You may be able to lower the AMT impact simply by exercising ISOs when the price difference between the options’ exercise price and the stock’s fair market value is small. A lower spread between the two prices means a smaller AMT adjustment on your tax return. The adjustment may be so minor, in fact, that you can exercise and hold ISOs without owing AMT altogether.

Exercising and holding ISOs with a small spread may be an attractive strategy for individuals who received stock options from a pre-IPO company with a low internal market value. It’s also a risky play since you are a long time away from a possible liquidity event. Moreover, you may want to consider this strategy if you are eligible for an early-exercise 83(b) election of your ISOs.

  1. Be mindful of the Alternative Minimum Phaseout.

The AMT is calculated differently from the figures used to determine your regular tax obligations. The calculation includes an AMT exemption and an AMT phaseout range at certain income levels. Generally speaking, when your income for figuring the AMT enters the phaseout range, you lose $1 of exemption for every $4 of income until the exemption is zero. The impact on your AMT means a higher effective tax rate in the phaseout range.

While the typical flat tax rates of 26% and 28% for determining AMT are still used, the income amount subject to taxation is higher because of the phaseout – which leads to an effective AMT rate of 35% in the phaseout range. We want to avoid that when possible. 

The AMT phaseout range may also impact the taxability of long-term capital gains for years in which you are subject to AMT, potentially increasing your effective tax rate from 20% to 26.5% or 27%, based on your circumstances.

  1. Plan for the Alternative Minimum Tax Credit and the AMT carryforward.

Suppose you exercise and hold ISOs and pay AMT. In that case, it’s possible to recover the AMT in future years by way of an AMT credit. We can plan for this. Let’s say you have multiple qualified ISO shares with differing regular cost basis (exercise price of the stock) and AMT cost basis (share price at exercise). You may be able to pick and choose which share lots to sell so that the AMT credit comes sooner rather than later. In some scenarios, the total amount of AMT paid could be credited back to you in the year you sell shares.

You might also have carryforward AMT credits for future years (especially if you owe a lot of AMT). Good financial planning in advance of exercising your ISOs and holding shares helps you plan how much AMT credit you may carry forward. It is critical to implement an ISO management strategy with this scenario in mind.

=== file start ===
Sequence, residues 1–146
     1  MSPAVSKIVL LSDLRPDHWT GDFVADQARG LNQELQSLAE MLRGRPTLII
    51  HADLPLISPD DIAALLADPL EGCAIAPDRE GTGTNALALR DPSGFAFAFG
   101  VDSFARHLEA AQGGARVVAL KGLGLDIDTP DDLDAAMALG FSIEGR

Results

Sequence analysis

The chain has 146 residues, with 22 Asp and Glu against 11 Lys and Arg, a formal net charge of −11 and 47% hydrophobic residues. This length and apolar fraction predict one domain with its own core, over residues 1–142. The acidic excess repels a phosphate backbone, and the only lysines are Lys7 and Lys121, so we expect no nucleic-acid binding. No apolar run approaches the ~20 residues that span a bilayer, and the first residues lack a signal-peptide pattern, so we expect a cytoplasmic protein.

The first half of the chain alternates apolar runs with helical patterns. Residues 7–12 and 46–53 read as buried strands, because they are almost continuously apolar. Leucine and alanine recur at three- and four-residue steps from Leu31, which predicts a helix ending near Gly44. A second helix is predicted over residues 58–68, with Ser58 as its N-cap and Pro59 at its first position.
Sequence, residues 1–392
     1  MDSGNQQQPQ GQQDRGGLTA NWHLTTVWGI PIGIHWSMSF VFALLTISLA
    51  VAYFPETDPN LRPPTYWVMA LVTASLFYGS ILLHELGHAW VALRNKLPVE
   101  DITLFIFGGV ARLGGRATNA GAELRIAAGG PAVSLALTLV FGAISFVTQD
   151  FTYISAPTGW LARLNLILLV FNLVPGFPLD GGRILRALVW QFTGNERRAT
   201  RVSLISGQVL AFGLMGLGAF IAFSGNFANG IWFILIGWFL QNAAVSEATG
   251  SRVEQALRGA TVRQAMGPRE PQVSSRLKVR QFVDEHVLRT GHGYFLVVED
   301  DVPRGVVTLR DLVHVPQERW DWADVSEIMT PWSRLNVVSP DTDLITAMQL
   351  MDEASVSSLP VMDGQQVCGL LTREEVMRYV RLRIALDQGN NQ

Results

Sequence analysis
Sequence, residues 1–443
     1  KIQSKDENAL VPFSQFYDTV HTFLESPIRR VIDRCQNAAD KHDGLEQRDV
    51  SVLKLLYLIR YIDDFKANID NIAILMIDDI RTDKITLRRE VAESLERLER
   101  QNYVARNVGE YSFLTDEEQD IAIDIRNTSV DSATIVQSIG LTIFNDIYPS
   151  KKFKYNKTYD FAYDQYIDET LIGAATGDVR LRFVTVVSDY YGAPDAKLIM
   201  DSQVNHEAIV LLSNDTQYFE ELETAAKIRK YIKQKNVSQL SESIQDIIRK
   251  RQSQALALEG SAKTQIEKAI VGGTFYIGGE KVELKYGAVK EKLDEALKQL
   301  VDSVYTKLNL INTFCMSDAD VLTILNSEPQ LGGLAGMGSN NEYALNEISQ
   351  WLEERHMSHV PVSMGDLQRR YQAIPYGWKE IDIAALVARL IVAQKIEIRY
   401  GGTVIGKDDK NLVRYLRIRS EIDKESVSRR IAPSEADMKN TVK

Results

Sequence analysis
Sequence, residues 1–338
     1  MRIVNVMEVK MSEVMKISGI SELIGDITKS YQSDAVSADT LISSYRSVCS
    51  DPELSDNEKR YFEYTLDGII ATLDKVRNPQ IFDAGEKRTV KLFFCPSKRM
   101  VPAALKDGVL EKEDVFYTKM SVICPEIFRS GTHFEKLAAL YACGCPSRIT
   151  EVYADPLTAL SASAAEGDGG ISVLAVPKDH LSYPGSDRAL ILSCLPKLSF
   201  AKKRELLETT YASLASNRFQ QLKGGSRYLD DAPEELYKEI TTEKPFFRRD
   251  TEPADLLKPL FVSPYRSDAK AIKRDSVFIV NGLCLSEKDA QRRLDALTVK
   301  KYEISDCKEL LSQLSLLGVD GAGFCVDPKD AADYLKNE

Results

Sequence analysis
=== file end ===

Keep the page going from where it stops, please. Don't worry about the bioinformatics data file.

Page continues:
1. Exercise and hold your ISOs when selling other Qualified ISOs.

It might not be possible for you to afford the AMT payment when it’s due at tax filing time – that might stop you from exercising more ISOs even when you would like to do so in order to begin the holding period requirement to secure a qualifying disposition in the future. You could, however, sell previously exercised ISOs that count toward a qualifying disposition. Selling qualified ISOs, particularly ones worth at least the fair market value at exercise, may reduce AMT owed and mitigate the cost of other exercises in the same calendar year.

  1. Exercise ISOs in a high-income year.

Years in which you earn a high income can be an opportune time to exercise ISOs and hold the shares. In general, tax rates for ordinary income and AMT flatten out as income rises above a certain amount. Ordinary income is taxed at 37% (in 2022) when this happens. AMT is taxed at just 28%, though. Every dollar of earned income creates an additional spread for exercise and holding ISOs. We find that clients face this situation when there is higher income due to a high bonus payout, vesting restricted stock units (RSUs), exercising other equity compensation (like non-qualified stock options (NSOs)), or going through a double-trigger IPO event.

The Bottom Line

If you plan to take action with your ISOs, you must consider if you will be subject to AMT, how much you might owe, when it will be due, and how you may handle the cash required to cover your taxes. Developing a game plan around minimizing the impact of the AMT can save you a substantial amount of money over many years. Managing the selling of shares from exercising ISOs is a critical financial planning activity for tech industry professionals.

Contact Us 

Please reach out to Archer Investment Management if you want to partner with us to help analyze your equity compensation and build a plan that fits your goals.